Love is more than romance

I’m falling in love.

But it’s not what you think.


“I fall in love a little with everyone I meet.”
— A wise friend of a wise friend.

The beauty of that potential is starting to sink in. And as I sat across the table from some new friends this past weekend, my heart experienced something I’ve been looking for. Love. I just didn’t know I could find it there.

God made us to love one another. Most of us who have grown up in the Christian world know that, and have heard it countless times before. But I’m not sure we understand the depth of it. We often get a little uncomfortable when we start talking about loving one another deeply.

Because it’s OK if we love deep in a romantic way, but back-up if we’re just friends.

Love. We only have one word for it. We love mom, and we love Jesus; we love pizza, and that new song on the radio. But the kind of love we have for pizza doesn’t run deep; I wonder if our shallow understanding of love is because we’ve lumped friendship in with the pizza.

We seem to believe that romantic love is the deepest of all, or perhaps even the only deep love, but I think we’re wrong.

So many of us struggle in our singleness. We’re craving to be known and to be loved. We use words of encouragement, saying “God is enough.” And while I believe He is ultimately enough, I think there’s more to it.

We are designed to do life with people. Plural. And somewhere along the line, a whole pile of us bought into the idea that we’re supposed to find just one person. And so that is what we’re looking for to fulfill the desire for love.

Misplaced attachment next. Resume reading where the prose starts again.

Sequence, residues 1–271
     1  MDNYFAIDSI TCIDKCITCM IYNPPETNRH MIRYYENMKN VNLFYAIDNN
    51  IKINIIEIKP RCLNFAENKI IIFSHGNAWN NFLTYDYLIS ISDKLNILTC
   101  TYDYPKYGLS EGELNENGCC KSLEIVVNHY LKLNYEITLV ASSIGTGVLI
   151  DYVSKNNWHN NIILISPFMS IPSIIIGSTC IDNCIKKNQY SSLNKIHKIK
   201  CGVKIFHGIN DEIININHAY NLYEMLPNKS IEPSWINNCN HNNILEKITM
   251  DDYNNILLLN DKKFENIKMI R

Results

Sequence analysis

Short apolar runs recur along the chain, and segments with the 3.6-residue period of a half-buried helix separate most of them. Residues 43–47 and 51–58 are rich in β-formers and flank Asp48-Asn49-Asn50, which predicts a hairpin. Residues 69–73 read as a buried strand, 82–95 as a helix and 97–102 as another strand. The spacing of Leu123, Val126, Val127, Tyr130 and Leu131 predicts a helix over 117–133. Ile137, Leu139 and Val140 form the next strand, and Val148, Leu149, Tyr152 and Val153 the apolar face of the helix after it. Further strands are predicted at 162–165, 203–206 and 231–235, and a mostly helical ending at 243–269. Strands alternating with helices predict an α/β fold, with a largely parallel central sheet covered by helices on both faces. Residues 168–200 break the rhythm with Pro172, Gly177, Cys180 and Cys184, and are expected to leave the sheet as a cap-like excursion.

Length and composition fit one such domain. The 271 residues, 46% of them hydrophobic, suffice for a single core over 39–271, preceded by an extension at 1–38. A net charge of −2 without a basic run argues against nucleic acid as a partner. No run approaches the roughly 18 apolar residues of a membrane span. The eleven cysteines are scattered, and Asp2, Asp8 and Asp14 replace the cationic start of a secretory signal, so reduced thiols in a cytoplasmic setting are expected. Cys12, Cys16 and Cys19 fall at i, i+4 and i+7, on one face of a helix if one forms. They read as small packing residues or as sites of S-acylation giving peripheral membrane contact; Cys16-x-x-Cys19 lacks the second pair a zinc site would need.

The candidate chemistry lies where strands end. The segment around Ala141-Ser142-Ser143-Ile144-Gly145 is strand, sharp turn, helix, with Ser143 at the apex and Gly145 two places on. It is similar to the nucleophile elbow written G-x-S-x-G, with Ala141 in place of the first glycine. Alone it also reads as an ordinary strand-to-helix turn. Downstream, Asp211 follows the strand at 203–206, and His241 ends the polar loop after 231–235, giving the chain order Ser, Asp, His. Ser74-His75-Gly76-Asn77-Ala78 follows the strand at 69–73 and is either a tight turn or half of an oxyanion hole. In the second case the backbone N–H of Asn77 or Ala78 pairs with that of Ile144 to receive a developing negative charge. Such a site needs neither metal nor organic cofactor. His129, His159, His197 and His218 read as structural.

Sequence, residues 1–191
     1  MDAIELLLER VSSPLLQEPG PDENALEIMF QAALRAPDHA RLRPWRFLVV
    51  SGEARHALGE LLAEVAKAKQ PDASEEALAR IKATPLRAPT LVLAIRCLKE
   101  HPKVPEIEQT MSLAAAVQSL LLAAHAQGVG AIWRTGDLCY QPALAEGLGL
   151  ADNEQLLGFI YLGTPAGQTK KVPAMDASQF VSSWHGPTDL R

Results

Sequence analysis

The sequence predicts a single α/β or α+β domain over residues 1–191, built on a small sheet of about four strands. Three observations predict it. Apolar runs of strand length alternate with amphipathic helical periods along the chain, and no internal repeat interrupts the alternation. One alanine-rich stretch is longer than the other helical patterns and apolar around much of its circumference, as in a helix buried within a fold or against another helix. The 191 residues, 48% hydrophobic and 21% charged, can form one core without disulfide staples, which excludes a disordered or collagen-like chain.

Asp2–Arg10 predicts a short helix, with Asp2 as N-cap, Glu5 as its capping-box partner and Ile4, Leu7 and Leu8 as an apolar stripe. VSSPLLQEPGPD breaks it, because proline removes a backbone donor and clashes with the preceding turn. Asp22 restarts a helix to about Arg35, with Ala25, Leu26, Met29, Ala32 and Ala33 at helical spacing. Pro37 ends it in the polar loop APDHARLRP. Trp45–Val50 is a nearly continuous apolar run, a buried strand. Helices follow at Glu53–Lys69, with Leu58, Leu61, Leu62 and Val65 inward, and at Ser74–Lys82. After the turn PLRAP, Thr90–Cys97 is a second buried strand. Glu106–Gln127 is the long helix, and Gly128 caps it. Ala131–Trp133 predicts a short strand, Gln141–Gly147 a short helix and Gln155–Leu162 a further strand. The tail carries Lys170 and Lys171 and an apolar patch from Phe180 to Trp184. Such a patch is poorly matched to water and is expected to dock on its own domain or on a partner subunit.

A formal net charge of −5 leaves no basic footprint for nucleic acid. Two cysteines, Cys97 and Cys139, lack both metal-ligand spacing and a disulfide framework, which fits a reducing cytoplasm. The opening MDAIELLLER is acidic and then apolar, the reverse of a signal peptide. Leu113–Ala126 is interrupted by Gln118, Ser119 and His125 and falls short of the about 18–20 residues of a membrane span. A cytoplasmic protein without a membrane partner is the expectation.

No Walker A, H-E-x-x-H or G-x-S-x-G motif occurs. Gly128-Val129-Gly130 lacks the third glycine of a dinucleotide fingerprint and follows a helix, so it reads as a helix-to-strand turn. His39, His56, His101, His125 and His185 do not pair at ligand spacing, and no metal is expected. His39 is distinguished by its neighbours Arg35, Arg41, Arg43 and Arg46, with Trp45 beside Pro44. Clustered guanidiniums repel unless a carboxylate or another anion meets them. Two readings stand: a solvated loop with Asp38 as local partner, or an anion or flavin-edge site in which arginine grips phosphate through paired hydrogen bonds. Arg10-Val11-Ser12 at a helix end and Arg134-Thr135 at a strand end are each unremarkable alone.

Consequently, if we don’t find Mr. or Mrs. Right, we are disappointed.

And even if we do, we still are disappointed. We not only lose out on the God of the universe when we seek to be fulfilled through a romantic relationship, we also lose out on the people around us, and the profound richness that comes from loving one another.

I’m starting to wonder if my desire for community is somewhat lurking behind my desire for romance.

Friends have a greater capacity for deep, loving relationships than we realize. God has designed families, and has said things about “where two or more are gathered, I’m there,” for a reason. He doesn’t want us to be exclusive.

So here is the beautiful paradox: God is enough, and yet we are designed —  and destined — to love other people.


Photo (Flickr CC) by Ciaran McGuiggan.